caroline_edinburgh Mar 31st, 2012 09:33 AM

P.S. DH got a (more expensive) phone at the same shop & Vodaphone offers free calls to 1 other Italian Vodaphone number, so that's quite handy for us & could be hnady if you & your friend are both getting one.

kybourbon Mar 31st, 2012 09:58 AM

>>>anngmoore on Mar 31, 12 at 1:18pm
I am not familiar with the term TIM. I have the i phone 4s through verizon. I went to the local store and they told me that I can not unlock the phone.<<<<

Probably true depending on your phone. Many Verizon phones are not GSM so you can't put a SIM card in them. They are CDMA and don't have SIM cards (many Sprint phones are the same way). To use a phone in Europe, it must be a quad band GSM.

kybourbon Mar 31st, 2012 10:08 AM

TIM is the name of the company Telecom Italia.

I paid 10€ for a TIM card in September. That was to get the phone activated with Italian phone number and included 5€ of talk time. You could add more time if you wanted (my travel companion put an extra 20€ on her phone). The fees were higher if you used it in the first 24 hours after activation. There was always a connect fee which I think may have been .50 the first 24 hours and about that per minute. After the first 24 hours it seems it was .20 to connect and .20 a minute.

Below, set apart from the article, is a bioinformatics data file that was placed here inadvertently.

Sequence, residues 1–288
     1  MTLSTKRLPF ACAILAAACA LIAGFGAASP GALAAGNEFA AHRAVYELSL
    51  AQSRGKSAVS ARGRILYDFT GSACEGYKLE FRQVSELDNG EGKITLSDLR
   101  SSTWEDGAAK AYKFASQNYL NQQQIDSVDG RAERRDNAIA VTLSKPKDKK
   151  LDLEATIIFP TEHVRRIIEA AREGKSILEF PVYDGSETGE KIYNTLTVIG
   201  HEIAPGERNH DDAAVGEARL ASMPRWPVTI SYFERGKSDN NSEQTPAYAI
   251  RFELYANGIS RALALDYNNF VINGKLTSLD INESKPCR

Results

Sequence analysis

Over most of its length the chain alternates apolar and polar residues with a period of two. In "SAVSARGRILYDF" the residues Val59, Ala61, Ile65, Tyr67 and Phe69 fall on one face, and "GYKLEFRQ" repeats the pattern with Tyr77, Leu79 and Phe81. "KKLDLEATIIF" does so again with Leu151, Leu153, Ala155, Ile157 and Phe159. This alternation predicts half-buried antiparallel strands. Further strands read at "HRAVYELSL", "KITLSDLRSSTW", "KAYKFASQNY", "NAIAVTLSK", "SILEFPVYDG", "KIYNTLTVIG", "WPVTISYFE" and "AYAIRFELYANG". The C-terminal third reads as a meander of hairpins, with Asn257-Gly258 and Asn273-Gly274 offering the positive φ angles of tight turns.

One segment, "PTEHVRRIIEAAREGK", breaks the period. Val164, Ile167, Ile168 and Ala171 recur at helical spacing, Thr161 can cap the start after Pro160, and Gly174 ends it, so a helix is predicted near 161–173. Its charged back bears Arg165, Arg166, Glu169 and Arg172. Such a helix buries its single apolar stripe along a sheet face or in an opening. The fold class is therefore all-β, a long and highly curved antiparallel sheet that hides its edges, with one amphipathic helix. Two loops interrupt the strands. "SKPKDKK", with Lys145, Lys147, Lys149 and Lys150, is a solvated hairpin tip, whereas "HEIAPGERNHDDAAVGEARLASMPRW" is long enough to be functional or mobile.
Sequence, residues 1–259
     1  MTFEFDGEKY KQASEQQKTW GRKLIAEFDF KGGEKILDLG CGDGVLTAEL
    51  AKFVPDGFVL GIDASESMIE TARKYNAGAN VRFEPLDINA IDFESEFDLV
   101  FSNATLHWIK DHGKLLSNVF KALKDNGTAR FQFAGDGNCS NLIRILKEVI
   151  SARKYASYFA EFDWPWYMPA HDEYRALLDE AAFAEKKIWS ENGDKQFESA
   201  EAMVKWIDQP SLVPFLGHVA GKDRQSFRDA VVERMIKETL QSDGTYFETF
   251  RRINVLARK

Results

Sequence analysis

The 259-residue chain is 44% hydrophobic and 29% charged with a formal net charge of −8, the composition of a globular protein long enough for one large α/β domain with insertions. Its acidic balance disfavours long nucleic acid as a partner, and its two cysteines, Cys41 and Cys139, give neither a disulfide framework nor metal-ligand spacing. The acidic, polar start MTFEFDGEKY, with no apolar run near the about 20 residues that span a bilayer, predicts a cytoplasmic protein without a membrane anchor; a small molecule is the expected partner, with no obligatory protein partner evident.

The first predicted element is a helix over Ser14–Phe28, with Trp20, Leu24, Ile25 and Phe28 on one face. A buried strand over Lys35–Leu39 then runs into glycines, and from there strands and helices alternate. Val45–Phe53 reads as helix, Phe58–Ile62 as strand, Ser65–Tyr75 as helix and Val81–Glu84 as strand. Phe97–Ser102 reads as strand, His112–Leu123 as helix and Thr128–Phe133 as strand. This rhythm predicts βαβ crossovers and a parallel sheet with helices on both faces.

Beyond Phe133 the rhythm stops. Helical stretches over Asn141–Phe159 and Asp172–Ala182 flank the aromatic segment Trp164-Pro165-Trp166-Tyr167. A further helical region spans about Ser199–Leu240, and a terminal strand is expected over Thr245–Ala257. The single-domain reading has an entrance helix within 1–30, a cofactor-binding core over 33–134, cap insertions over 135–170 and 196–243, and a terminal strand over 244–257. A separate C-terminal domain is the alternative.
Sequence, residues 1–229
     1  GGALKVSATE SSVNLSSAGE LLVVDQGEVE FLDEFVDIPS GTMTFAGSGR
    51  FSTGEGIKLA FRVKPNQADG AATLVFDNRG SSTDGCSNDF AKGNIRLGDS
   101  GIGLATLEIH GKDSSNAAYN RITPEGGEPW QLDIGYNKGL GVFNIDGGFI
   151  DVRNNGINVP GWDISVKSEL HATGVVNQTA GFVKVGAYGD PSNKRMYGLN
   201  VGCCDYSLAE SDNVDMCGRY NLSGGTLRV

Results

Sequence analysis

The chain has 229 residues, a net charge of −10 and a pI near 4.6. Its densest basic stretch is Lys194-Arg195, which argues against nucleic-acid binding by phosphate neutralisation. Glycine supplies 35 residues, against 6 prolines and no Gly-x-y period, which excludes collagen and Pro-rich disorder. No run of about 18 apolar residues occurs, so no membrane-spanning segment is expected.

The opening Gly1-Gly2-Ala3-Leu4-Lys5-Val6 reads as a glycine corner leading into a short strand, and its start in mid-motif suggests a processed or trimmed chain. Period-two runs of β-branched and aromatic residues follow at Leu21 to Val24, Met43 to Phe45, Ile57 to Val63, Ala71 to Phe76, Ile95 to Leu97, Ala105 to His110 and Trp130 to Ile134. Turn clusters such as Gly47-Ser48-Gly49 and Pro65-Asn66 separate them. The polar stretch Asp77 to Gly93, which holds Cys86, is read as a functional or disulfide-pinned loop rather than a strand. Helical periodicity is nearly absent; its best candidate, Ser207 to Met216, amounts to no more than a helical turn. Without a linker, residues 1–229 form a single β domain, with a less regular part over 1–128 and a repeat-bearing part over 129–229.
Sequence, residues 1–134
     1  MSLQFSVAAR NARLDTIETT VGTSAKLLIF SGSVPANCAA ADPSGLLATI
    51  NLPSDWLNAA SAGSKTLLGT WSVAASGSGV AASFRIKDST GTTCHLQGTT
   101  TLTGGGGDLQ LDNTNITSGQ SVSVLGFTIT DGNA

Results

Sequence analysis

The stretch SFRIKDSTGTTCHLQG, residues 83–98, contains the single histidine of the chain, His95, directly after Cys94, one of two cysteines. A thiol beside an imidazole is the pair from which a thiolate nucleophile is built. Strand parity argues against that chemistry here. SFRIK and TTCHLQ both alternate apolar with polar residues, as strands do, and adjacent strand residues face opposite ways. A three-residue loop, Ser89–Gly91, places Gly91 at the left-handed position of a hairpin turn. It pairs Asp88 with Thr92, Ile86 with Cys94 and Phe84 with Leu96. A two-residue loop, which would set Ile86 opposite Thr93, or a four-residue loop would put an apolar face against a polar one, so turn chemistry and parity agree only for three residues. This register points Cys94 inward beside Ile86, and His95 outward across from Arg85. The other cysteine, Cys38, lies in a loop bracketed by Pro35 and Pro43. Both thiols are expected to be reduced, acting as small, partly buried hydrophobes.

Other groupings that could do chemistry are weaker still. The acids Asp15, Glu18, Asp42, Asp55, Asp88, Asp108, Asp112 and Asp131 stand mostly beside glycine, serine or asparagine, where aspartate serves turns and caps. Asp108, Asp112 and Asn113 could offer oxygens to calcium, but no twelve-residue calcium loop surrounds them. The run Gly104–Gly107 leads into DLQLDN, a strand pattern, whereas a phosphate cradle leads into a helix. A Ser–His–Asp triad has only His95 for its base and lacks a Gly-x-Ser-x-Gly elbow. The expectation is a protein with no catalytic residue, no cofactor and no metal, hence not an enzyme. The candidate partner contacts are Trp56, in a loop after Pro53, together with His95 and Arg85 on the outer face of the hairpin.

equitraveler Apr 3rd, 2012 12:43 PM

There are several phone companies in Italy, the biggies being TIM, Vodaphone, and Wind. The best bet is to get a SIM that you can put money on. I do not recommend linking to your credit card. If you lose your phone, you could be liable for endless charges until you cancel your credit card. I have a WIND SIM. I load it with euros, either at a tabacchi or via the internet, and then make calls or txt (which is way cheaper!!) Wind works all over Europe, and in some other countries (e.g., Australia, but not Turkey). If you have an unlocked phone you can buy a SIM wherever you are. Another approach, if you are traveling with an iPad or laptop is to set up a Skype account with a phone number. You have to have internet access, but the phone charges are very inexpensive.

jent103 Apr 3rd, 2012 01:10 PM

<i>I have the i phone 4s through verizon. I went to the local store and they told me that I can not unlock the phone.</i>

You don't need to unlock it if all you want to do is place a phone call or text or two. The 4S is GSM and CDMA-capable, so you just need to call Verizon and have them activate the international plan(s) (your data will work over there too, but will be an additional fee). I just did this for a trip to Paris. I was able to call people in France ($0.99/minute), text people at home ($0.50 to send, $0.05 to receive), and use it for data when I really wanted to. I also used it in our hotel with the wifi. All of it easy as pie.

If you want to be able to call/text each other frequently while you're in Italy, though, that's probably not the most cost-efficient option. In that case you would want to either pursue unlocking your phones yourselves, get an unlocked phone off eBay and get SIM cards when you get there, or just wait and get phones and cards when you get there. With any of those options you won't really be able to test it out till you're actually there.